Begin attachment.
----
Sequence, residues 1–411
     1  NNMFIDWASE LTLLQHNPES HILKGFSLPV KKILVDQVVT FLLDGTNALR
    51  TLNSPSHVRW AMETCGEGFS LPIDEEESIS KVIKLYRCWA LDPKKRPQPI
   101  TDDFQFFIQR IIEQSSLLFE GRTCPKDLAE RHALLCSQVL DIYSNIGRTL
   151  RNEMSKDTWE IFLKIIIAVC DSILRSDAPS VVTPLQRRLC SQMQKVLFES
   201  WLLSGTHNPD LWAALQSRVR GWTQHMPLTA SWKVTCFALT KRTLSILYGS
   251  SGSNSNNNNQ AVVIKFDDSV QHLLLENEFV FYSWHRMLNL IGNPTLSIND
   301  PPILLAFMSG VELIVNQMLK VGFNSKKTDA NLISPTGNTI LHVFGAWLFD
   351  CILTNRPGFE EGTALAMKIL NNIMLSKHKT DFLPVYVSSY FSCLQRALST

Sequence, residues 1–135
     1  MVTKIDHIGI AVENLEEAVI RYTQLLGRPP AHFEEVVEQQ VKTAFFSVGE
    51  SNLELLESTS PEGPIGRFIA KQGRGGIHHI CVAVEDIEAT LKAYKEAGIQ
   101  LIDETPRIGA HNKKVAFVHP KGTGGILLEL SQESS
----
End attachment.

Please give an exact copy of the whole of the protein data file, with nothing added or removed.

Sequence, residues 1–411
     1  NNMFIDWASE LTLLQHNPES HILKGFSLPV KKILVDQVVT FLLDGTNALR
    51  TLNSPSHVRW AMETCGEGFS LPIDEEESIS KVIKLYRCWA LDPKKRPQPI
   101  TDDFQFFIQR IIEQSSLLFE GRTCPKDLAE RHALLCSQVL DIYSNIGRTL
   151  RNEMSKDTWE IFLKIIIAVC DSILRSDAPS VVTPLQRRLC SQMQKVLFES
   201  WLLSGTHNPD LWAALQSRVR GWTQHMPLTA SWKVTCFALT KRTLSILYGS
   251  SGSNSNNNNQ AVVIKFDDSV QHLLLENEFV FYSWHRMLNL IGNPTLSIND
   301  PPILLAFMSG VELIVNQMLK VGFNSKKTDA NLISPTGNTI LHVFGAWLFD
   351  CILTNRPGFE EGTALAMKIL NNIMLSKHKT DFLPVYVSSY FSCLQRALST

Sequence, residues 1–135
     1  MVTKIDHIGI AVENLEEAVI RYTQLLGRPP AHFEEVVEQQ VKTAFFSVGE
    51  SNLELLESTS PEGPIGRFIA KQGRGGIHHI CVAVEDIEAT LKAYKEAGIQ
   101  LIDETPRIGA HNKKVAFVHP KGTGGILLEL SQESS